•   positive emotions

  •   engagement

  •   meaning

  •   accomplishment

  •   positive relationships.

 Mr Gittins agrees with the importance of positive relationships but rightly has a problem with seeing them as a way to produce wellbeing. He concludes his article: “Seligman says ''other people are the best antidote to the downs of life and the single most reliable up''. No doubt, but that sounds a bit self-centered. For relationships to be ''positive'' they have to be two-way; you have to give as well as get. Whatever you call it – happiness, wellbeing, flourishing – it won't work if it doesn't have relationships at its core. That's what we keep forgetting.”

 Quite right! For a relationship to be genuinely beneficial, it must be genuine and not just for the benefits.

 It is a similar problem with Prof. Seligman’s earlier observations about optimism and pessimism. He saw and documented that optimists do better than pessimists on every index of life, except their grasp of reality. It is a sad observation and quite worrying if you ponder it at any length. But the consequence for utilitarians is that if they want the benefits of optimism they must lose their rationality. Apparently there is no rational basis for optimism.

 But do church people have better wellbeing outcomes? This week CNN[4] reported a Gallup survey of 676,000 people, which demonstrated “a strong positive relationship between religiosity and wellbeing”.  And “those who identified as not religious, atheist or agnostic finished at the bottom of the scale”.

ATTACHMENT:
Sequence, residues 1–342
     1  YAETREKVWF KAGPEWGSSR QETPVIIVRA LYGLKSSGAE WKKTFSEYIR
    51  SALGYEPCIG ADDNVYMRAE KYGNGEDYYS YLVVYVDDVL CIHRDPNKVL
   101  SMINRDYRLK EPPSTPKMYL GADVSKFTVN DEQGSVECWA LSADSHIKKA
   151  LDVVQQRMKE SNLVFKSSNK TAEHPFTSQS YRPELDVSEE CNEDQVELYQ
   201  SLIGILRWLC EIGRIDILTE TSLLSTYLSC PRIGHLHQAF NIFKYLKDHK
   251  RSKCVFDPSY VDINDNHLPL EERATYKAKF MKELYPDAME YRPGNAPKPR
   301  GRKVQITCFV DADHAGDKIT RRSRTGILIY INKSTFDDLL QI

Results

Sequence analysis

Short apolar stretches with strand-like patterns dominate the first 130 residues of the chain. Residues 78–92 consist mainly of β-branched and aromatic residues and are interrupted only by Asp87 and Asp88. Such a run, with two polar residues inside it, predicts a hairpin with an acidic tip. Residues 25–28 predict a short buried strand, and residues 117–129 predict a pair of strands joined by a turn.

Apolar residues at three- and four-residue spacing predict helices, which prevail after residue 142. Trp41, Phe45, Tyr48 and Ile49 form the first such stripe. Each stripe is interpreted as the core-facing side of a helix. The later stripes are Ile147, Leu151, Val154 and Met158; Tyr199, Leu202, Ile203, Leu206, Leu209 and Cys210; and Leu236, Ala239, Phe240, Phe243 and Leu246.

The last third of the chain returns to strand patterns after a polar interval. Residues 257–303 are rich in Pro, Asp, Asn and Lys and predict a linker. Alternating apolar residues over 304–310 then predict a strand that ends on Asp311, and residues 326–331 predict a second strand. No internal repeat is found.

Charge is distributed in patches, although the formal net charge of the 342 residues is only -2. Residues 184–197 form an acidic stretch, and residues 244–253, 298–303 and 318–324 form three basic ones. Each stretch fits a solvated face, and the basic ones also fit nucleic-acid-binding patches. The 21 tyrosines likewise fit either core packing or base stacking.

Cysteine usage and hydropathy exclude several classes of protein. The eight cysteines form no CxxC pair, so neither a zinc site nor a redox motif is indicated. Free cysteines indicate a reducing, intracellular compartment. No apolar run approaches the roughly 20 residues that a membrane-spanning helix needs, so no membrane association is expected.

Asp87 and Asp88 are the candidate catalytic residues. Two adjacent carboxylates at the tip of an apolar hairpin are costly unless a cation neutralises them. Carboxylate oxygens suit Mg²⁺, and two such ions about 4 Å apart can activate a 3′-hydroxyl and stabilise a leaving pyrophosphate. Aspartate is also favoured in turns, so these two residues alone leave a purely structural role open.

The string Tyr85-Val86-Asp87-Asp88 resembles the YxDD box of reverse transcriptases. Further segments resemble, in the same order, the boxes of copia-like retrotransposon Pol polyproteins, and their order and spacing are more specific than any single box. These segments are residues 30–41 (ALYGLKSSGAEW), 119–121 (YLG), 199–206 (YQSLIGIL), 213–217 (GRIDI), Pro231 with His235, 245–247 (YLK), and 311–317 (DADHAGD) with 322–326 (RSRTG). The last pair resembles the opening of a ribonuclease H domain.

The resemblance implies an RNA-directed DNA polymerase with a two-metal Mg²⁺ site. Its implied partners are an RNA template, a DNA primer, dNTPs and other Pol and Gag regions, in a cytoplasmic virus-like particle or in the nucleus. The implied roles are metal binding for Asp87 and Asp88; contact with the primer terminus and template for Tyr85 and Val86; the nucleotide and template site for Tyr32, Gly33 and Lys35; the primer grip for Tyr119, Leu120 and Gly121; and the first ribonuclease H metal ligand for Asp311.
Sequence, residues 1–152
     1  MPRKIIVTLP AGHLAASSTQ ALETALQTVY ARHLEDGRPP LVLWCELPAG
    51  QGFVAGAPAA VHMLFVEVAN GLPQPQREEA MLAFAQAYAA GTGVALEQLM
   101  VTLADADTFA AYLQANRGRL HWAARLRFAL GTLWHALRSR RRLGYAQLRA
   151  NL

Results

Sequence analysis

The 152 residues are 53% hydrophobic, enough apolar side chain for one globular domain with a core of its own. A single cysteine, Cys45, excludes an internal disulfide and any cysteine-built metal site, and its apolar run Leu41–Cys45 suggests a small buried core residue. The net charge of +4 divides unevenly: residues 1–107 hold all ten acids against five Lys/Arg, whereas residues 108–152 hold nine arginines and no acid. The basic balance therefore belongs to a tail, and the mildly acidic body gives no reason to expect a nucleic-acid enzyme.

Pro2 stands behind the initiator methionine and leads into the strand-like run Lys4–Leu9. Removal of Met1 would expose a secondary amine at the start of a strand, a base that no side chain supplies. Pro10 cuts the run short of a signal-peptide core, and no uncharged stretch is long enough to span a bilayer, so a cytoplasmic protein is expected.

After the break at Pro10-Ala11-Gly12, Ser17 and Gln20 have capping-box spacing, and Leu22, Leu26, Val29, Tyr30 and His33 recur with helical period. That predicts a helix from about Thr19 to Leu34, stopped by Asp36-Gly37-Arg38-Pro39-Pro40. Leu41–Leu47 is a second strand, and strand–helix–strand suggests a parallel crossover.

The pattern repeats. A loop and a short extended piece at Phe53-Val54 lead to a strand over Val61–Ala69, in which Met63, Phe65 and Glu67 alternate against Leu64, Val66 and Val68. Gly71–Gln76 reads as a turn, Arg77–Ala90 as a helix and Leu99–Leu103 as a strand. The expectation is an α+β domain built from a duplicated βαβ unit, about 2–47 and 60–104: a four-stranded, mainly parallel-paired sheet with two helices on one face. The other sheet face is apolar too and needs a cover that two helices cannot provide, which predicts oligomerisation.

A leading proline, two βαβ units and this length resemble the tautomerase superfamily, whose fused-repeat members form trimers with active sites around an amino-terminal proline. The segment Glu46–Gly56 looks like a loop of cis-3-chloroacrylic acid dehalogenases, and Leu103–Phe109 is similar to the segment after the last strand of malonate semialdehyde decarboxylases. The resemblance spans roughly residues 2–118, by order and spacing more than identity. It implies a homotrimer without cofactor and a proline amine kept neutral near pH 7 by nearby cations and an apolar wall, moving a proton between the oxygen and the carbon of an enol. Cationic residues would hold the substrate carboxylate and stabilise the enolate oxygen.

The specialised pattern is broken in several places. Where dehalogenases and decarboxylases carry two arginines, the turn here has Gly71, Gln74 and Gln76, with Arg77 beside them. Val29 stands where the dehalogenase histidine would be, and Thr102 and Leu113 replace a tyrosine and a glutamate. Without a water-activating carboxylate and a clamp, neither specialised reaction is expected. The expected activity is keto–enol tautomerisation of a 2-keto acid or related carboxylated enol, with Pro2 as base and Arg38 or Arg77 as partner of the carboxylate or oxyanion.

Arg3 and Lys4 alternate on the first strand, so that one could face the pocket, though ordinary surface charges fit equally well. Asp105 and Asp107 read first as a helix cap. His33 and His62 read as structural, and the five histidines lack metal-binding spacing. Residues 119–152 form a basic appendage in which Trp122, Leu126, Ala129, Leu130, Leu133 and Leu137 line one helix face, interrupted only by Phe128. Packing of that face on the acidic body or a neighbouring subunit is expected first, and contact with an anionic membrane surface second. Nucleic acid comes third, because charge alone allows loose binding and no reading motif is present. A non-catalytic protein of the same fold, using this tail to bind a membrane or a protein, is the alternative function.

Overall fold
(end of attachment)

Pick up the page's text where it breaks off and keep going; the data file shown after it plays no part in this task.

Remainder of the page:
And so we come back to the importance of church and family. These bring benefits of wellbeing that even the atheists can see. According to the Gallup survey, the benefits flow irrespective of the religious faith being followed, but not to the unbelievers.

 Wellbeing is the bi-product of a lifestyle not its purpose. Indeed these benefits are not available for those who seek to manufacture them – pretending to be friends to gain friendship, pretending to be optimists to succeed, pretending to worship something you do not believe in.

 How sad it is to see clever people struggling to understand the obvious. How apt is Ecclesiastes in its description of the human condition. God has placed eternity in our hearts but not so that we can fathom what God has done from the beginning to the end. For as the New Testament says: “in the wisdom of God, the world did not know God through wisdom” (I Corinthians 1:21). For it is the “fear of the Lord that is the beginning of wisdom” (Proverbs 9:10).